Welcome to Babble,
Sign Out

Get the Babble Newsletter

Already have an account? .

A Zen Approach to the Family Holiday

812645_46636008So you survived Thanksgiving with the family … give yourself a pat on the back.  But don’t get too comfortable.  By my watch, Christmas is approaching fast.  There’s a reason we all overeat and over-drink during the holiday season:  Too much together time.

If your family puts the fun in dysfunction, then you might actually look forward to the weeks between Thanksgiving and New Year’s Day.  But if the thought of spending a day, or two, or three with your family makes you want to weep, you might benefit from these sanity-saving holiday tips from Carl Sheusi, zen master extraordinaire and psychologist who says that the reason why your parents are so good at pushing your buttons is because “they installed them.”

  • Can’t convince your family that you really are a vegetarian?  Sheusi says to consider the meal a loving gift and live by the philosophy, “I’m eatin’ what you’re cookin’.”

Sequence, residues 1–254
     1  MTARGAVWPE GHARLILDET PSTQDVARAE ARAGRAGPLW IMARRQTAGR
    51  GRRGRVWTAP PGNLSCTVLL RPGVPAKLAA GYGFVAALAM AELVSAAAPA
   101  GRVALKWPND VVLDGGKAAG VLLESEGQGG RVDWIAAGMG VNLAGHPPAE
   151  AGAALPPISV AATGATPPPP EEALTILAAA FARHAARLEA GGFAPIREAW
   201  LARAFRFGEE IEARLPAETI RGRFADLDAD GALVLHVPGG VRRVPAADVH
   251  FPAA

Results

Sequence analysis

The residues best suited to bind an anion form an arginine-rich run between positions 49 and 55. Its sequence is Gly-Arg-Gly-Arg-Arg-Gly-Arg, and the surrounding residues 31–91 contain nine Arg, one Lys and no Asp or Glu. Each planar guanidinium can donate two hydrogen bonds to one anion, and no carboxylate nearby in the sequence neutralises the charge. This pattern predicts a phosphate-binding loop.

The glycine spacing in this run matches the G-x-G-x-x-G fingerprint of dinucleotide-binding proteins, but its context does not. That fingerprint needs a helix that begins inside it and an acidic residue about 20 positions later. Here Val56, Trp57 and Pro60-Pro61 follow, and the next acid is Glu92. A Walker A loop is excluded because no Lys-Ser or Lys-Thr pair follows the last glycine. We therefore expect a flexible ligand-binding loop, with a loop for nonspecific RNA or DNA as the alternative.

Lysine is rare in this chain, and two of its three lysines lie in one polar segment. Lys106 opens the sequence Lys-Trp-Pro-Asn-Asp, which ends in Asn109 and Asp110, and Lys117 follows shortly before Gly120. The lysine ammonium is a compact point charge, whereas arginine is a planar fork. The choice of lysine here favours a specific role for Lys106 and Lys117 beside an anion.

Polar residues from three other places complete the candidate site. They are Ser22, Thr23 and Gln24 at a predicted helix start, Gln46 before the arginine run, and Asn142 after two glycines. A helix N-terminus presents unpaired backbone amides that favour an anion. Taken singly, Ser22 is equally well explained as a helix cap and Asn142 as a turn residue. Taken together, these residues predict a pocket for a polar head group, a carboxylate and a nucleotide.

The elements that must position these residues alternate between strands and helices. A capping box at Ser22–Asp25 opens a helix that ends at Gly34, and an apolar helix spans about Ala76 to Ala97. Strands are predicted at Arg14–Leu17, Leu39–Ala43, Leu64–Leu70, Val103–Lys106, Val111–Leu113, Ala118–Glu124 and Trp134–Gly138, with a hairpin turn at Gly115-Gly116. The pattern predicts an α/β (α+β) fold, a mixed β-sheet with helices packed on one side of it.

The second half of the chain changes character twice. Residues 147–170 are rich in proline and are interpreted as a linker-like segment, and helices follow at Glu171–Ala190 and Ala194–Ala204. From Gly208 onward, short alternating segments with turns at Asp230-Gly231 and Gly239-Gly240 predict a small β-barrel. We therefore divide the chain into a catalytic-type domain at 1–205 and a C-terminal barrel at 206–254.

• Your brother can’t stop telling you what to do with your life?  Turn the question back around and ask him what he can do to help.
  • Once you walk in the front door you become 13 again.  Go with it, says Sheusi.  Just don’t hate yourself for it.

Surviving the holidays, then, seems to be a matter of giving everyone room to be themselves without taking things personally, and being grateful it all only comes around once a year.

Tell us how you look at the holidays:  Do you look forward to happy chaos?  Roll your eyes at your relatives’ idiosyncrasies?  Or wish you could just fly somewhere warm until it’s all over?


Woman Labors in Hospital Bathroom After Doctors Send Her Home

Dad Mad After Daughter’s Scar is Airbrushed from Photo

Bad Dad – Man in Jail After Locking Kids in Trunk for While He Went Shopping

Mom Sexted Naked Picture of Daughter’s Rival to Teachers

Two-Year-Old Recreates Taylor Swift’s VMA Performance

Dad Trying to Lactate Calls it Quits

Top 10 Most Dangerous Toys

Tagged as: , ,

Use a Facebook account to add a comment, subject to Facebook's Terms of Service and Privacy Policy. Your Facebook name, profile photo and other personal information you make public on Facebook (e.g., school, work, current city, age) will appear with your comment. Learn More.